Best Practice and Innovation in AT

Evidence-Based Practice

 

The Case of the HandShoe Mouse 

hand shoe mouse

Effects of the use of a special computer mouse : The HandShoe Mouse

Summary:

Biomechanical research has shown that a palm supporting surface provides a better solution to prevent neck, shoulder, arm and hand complaints. For example in view of the reduced or possible absence of grip forces a computer mouse design according to this concept is to be preferred. An additional point of attention is the angle of the supporting surface. This angle can have a significant (negative) effect on muscle tension for example in the “neutral (900 supination) or handshake position”.

 

Clinical Biomechanics

Summary:

Background information on how to work in a comfortable position is provided, for example the positive effects of a slanted mouse (palm supporting area at an angle of 25° or 30°).
Forearm and shoulder muscle activity will reduce in this position.
Increasing the slanted angle will result in a larger wrist extension and thus higher muscle activity.
Working with hand and forearm at a suitable slanted angle provides a more neutral hand position, so forearm and shoulder muscle activity will be reduced.
This paper also addresses possible sources of carpal tunnel pressure (CTP).

 

Effects of forearm and palm supports on the upper extremity during computer mouse use.
 

Summary:

The use of forearm and hand support is associated with less shoulder muscle activity and shoulder torsion while palm support is associated with less wrist extension. This type of support also results in lower applied forces to the mouse body. Participants reported less musculoskeletal discomfort when using a support.
It should be noted that some aspects addressed in this paper must also be looked at from the perspective of findings by other researchers presented in this overview of publications.

 

For additional research evidence visit: http://handshoemouse.com/publications/ and http://handshoemouse.com/research/ 


Impact of Word Prediction on Writing Skills of Students with Special Needs 

Silió, M. C., & Barbetta, P. M. (2010). The effects of word prediction and text-to-speech technologies on the narrative writing skills of Hispanic students with specific learning disabilities. Journal of Special Education Technology, 25(4), 17–32.

This quasi-experimental research study, published in a peer-reviewed academic journal, investigated whether, with writing time held constant, Hispanic students with specific learning disabilities (SLD) under:

  • word processing,
  • word processing with word prediction,
  • word processing with text-to-speech, or
  • word processing with word prediction and text-to-speech combined

would:

  1. perform more effectively in narrative composition writing as defined by writing fluency, syntax, and spelling accuracy,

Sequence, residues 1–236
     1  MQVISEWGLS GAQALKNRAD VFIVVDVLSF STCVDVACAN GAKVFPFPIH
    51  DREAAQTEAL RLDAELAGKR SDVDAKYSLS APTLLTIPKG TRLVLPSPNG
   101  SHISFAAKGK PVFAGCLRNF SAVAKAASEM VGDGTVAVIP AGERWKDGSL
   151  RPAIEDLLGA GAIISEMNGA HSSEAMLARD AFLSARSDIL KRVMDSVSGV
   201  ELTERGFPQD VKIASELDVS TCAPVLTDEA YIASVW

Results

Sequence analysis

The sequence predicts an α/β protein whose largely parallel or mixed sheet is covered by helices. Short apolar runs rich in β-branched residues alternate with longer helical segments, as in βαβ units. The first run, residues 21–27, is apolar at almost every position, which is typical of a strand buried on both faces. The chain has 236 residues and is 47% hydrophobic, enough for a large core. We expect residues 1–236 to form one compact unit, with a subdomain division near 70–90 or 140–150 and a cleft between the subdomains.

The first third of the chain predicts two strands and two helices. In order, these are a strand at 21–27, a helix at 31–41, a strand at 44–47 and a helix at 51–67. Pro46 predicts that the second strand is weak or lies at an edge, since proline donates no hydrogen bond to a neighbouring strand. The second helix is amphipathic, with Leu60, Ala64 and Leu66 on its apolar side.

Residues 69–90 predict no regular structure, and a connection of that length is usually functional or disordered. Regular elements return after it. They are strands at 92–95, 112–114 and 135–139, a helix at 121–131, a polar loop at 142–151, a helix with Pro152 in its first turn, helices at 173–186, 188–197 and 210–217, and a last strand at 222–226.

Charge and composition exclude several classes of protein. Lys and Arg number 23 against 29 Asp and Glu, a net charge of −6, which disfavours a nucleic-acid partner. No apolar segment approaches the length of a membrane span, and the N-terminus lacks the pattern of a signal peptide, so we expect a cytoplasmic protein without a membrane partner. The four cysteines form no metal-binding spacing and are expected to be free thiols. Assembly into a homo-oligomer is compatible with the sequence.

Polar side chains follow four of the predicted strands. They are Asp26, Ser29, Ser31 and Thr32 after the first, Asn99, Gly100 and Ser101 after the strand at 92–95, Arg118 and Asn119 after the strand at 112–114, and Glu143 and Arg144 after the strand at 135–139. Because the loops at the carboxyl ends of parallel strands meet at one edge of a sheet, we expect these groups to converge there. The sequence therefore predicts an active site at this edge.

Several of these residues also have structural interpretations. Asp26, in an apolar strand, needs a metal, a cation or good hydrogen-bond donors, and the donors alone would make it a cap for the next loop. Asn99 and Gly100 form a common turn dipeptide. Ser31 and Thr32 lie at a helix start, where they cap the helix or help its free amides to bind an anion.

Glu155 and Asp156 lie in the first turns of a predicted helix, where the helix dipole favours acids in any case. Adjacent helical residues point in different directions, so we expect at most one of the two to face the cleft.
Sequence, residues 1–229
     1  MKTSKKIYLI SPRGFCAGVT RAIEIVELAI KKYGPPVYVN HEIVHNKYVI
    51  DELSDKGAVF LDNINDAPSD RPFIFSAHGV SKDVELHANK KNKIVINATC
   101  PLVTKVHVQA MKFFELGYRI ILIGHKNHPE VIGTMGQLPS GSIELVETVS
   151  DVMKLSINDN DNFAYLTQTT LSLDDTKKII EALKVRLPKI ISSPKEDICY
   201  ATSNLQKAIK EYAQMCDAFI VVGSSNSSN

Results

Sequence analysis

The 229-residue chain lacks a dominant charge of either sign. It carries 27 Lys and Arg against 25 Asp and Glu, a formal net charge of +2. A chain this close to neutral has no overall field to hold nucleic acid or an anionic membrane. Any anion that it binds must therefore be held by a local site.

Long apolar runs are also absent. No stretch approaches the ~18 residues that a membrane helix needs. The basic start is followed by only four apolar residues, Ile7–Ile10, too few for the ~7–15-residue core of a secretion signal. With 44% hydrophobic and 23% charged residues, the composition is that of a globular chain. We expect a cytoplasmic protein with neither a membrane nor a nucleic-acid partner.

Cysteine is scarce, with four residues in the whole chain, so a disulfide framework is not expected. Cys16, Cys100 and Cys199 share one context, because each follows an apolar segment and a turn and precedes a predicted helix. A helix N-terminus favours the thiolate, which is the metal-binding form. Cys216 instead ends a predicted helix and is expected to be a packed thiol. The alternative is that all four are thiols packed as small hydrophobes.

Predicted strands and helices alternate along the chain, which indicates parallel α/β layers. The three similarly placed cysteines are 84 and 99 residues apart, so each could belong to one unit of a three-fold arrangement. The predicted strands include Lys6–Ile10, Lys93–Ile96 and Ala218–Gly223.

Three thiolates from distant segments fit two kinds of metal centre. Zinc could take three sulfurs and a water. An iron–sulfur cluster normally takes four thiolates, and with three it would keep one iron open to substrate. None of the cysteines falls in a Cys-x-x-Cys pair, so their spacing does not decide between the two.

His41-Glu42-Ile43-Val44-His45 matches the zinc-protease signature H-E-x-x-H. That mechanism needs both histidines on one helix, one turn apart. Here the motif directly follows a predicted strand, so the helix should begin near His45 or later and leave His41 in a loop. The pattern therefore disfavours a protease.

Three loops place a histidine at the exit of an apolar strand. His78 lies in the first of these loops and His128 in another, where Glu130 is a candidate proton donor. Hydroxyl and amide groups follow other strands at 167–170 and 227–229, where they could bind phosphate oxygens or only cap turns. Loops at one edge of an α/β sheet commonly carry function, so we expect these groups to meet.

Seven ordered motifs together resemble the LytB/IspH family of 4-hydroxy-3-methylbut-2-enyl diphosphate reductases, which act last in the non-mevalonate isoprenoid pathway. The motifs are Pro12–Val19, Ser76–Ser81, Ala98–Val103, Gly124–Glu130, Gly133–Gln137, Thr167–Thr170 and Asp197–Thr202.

2. improve their overall organization of narrative composition writing, and
  3. maintain skills in narrative composition writing and organization on maintenance tests given two, four, and six weeks after writing ended.

RESULTS: Although outcomes varied for individual participants, the overall results demonstrated that word prediction alone and in combination with text-to-speech had a positive impact on the participants’ writing. With word prediction alone and with text-to-speech, participants in both cohorts wrote longer, more syntactically mature compositions that were better organized and had fewer spelling errors. The use of text-to-speech alone, however, resulted in little or no improvement. With few exceptions, participants maintained a high percentage of the composition skills they developed.

 

Cullen, J., Richards, S. B., & Frank, C. L. (2008). Using software to enhance the writing skills of students with special needs. Journal of Special Education Technology, 23(2), 33–43.

This research article, published in a peer-reviewed academic journal, investigated the effects of computer software on the writing performance of students with mild disabilities. In particular, it focuses on the effects of a talking word processor with spell checker alone (Write: Outloud) and in conjunction with word prediction software (Co:Writer) on journal entries. 

RESULTS: In general, both supports positively impacted the students’ writing, Co:Writer more so than Write: Outloud. As a whole group, the participants improved on each dependent variable during both intervention phases. However, these effects did not yield uniform outcomes across students. Collins, Richards and Lawless Frank conclude that while computer software that provides writing supports such as text-to-speech, spell checker and word prediction benefits students with disabilities, it is necessary to consider each student’s individual strengths and weaknesses when choosing software.

For addtional research evidence visit: Learning Technologies